In this article I’m going to discuss what is one of my favorite gymnastics photos. The photo features (from left to right) Camelia Voinea, Daniela Silivas, Elena Shushunova, Oksana Omelianchik, Vera Kolesnikova, Natalia Yurchenko, and Ecaterina Szabo. It was taken at the 1986 World Cup where Silivas, Szabo, and Voinea represented Romania. Yurchenko, Shushunova, and Omelianchik represented the Soviet Union. Kolesnikova was the Soviet alternate.
What I love about this picture is it gives a different dimension to the Soviet-Romanian rivalry. The showdown between the Soviets and the Romanians in Women’s Artistic Gymnastics (WAG) can be described as one of the most tense rivalries in all of sports. And yet as this picture shows, to the athletes who were actually involved in it, it was anything but.
The Soviet-Romanian rivalry was defined by the geopolitical rift that existed between the two countries. Despite being a member of the Warsaw Pact, Romanian dictator Nicolae Ceausescu had based his entire foreign policy on openly opposing the Soviet Union. He frequently broke with Soviet foreign policy positions and denounced the USSR on various occasions. Romania’s decision to attend the 1984 Olympics and defy the Soviet led boycott is a textbook example of Ceausescu’s anti-Soviet behavior. The 1984 Olympics are often seen as the most defining moment of Ceausescu’s anti-Soviet foreign policy.
Both countries were communist, but each felt their interpretation of communism was superior. The nations saw success in sports as a tool to promote the idea that their system of government was superior.
WAG quickly became the most important sport in the Romanian-Soviet rivalry. With six events being contested, a single WAG team could win as many 12 medals in a single Olympics. This wasn’t just a possibility, but due to the high versatility rates of WAG, it was typically expected that the Soviets were a threat to win eight medals collectively as a team. And a country needed just six athletes to field a team.
Women’s gymnastics was one of the most cost effective sports to invest in which is why most of the communist world had top tier WAG programs. The high versatility rates of WAG also had a secondary effect. Women’s gymnastics frequently produced an athlete who won as many as five medals in a single competition, and sometimes even six. What this meant was that WAG not only provided ample opportunity to win medals, but it was highly likely that the sport would produce one of the most decorated athletes in any given Olympics.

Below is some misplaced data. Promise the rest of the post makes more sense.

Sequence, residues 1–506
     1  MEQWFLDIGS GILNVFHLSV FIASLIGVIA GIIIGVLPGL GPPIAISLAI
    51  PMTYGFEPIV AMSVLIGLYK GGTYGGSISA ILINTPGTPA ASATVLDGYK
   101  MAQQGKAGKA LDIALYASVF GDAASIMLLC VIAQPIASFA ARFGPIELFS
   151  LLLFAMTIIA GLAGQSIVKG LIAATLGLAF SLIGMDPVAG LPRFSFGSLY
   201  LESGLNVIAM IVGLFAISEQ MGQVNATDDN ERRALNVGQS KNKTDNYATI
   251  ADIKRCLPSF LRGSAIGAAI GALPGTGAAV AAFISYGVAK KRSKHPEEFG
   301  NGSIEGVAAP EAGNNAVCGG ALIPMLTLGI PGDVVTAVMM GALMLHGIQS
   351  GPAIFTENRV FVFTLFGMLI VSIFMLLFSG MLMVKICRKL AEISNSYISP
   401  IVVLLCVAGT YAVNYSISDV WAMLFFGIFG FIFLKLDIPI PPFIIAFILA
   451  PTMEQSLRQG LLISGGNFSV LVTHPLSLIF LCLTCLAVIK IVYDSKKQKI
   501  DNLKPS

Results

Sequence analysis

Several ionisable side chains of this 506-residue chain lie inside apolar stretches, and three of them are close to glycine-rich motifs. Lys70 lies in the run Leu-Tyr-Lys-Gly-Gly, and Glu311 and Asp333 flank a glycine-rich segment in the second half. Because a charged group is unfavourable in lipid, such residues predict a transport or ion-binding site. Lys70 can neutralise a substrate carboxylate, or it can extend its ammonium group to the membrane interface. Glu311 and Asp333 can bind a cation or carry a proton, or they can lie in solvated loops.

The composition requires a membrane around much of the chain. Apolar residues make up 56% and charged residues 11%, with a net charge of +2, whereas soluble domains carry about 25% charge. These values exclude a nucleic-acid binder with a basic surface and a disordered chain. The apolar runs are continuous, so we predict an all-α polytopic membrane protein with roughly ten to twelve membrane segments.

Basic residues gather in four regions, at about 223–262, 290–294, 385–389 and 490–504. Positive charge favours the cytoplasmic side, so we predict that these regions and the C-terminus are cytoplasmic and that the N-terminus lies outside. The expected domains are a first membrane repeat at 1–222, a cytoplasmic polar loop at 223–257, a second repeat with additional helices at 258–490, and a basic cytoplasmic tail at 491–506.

And the stars quickly followed. Not only did Nadia Comaneci and Olga Korbut achieve superstar levels of fame, but they are two of the best examples of an Olympian becoming an effective tool of soft power. In the case of Nadia, her shadow looms so large that she is as well known as any Romanian landmark or head of state.
Note: To simplify the concept of soft power, it is how well a country’s culture and knowledge about its people/history is projected in other countries. Hollywood is an example of a soft power tool.
As the significance of WAG grew, so did the emphasis on a “win at all costs” mentality. The athletes of both sides paid a high price for it. Both programs have heartbreaking stories of athlete mistreatment and it didn’t seem to matter that the sport had reached a point where many of the athletes were just 13 years old.
When most sports rivalries are discussed, they are frequently measured in terms of how much hatred exists between both teams. In sports television, it is not unusual to include footage of a brawl from the previous matchup to promote a game. As this picture shows, the Romanian-Soviet gymnastics rivalry was nothing like that that. Despite its status as one of the most high stakes rivalry there ever was, the assertion doesn’t extend to the athletes sharing a mutual dislike for each other.
For most of the Romanian and Soviet gymnasts, they were too young to understand the significance of what it meant to their respective governments when they delivered an Olympic All-Around (AA) title. They also lived very sheltered lives where so much outside information was kept from them. They knew they were supposed to beat each other, but they also knew their adversaries were equally talented. More importantly, despite a language barrier, they could relate better to each other based off their shared experiences than anyone else in this world.
When we think of the interactions between the Romanians and Soviets, we typically think of them in leotards. The handshakes during warmups and the congratulatory kiss on the cheeks as they collect their medals and mount the podium. What the television cameras don’t show, was the times they interacted outside the competition hall.
I love that this picture shows what the true relationship between the two teams were like. But I also love this picture because of who is in it. Every gymnast in this picture can be classified as iconic, meaning even those who aren’t strongly invested in gymnastics history are likely to be familiar with these seven gymnasts.
Camelia Voinea: Member of three Romanian teams including the 1988 Olympics. She is the mother of Romanian gymnast Sabrina Voinea.
Daniela Silivas: Member of four Romanian teams including the 1988 Olympics. She remains one of the most popular gymnasts of all time.
Elena Shushunova: Winner of the 1988 Olympic AA title and Co-Champion of the 1985 AA.
Oksana Omelianchik: Tied Shushunova for the 1985 AA title, she was one of the fan favorites of the 1980s. Her floor choreography/musical choice selection remains legendary.
Vera Kolesnikova: Winner of the AA at the 1986 Goodwill Games, she is the mother of 2012 Olympian Viktoria Komova.
Natalia Yurchenko: Won the AA in 1983, had name is instantly recognizable due to the popularity of her vault style.
Ecaterina Szabo: Member of four Romanian teams, won four gold medals at the 1984 Olympics.